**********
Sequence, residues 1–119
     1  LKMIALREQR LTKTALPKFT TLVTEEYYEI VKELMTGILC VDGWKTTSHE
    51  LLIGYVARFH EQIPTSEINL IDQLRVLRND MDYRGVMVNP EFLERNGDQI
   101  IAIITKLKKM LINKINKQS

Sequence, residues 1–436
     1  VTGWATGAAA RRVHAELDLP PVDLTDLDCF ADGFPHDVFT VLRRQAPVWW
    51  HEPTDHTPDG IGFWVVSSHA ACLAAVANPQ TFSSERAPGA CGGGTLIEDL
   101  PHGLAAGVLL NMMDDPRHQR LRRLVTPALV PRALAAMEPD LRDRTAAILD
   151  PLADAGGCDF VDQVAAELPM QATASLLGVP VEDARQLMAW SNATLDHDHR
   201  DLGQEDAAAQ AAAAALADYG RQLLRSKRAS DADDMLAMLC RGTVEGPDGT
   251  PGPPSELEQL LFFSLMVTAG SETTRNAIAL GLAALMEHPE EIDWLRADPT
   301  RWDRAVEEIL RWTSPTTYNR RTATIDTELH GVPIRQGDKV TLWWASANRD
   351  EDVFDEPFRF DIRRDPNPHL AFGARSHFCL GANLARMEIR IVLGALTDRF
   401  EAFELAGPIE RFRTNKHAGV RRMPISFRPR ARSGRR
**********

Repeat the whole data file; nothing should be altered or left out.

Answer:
Sequence, residues 1–119
     1  LKMIALREQR LTKTALPKFT TLVTEEYYEI VKELMTGILC VDGWKTTSHE
    51  LLIGYVARFH EQIPTSEINL IDQLRVLRND MDYRGVMVNP EFLERNGDQI
   101  IAIITKLKKM LINKINKQS

Sequence, residues 1–436
     1  VTGWATGAAA RRVHAELDLP PVDLTDLDCF ADGFPHDVFT VLRRQAPVWW
    51  HEPTDHTPDG IGFWVVSSHA ACLAAVANPQ TFSSERAPGA CGGGTLIEDL
   101  PHGLAAGVLL NMMDDPRHQR LRRLVTPALV PRALAAMEPD LRDRTAAILD
   151  PLADAGGCDF VDQVAAELPM QATASLLGVP VEDARQLMAW SNATLDHDHR
   201  DLGQEDAAAQ AAAAALADYG RQLLRSKRAS DADDMLAMLC RGTVEGPDGT
   251  PGPPSELEQL LFFSLMVTAG SETTRNAIAL GLAALMEHPE EIDWLRADPT
   301  RWDRAVEEIL RWTSPTTYNR RTATIDTELH GVPIRQGDKV TLWWASANRD
   351  EDVFDEPFRF DIRRDPNPHL AFGARSHFCL GANLARMEIR IVLGALTDRF
   401  EAFELAGPIE RFRTNKHAGV RRMPISFRPR ARSGRR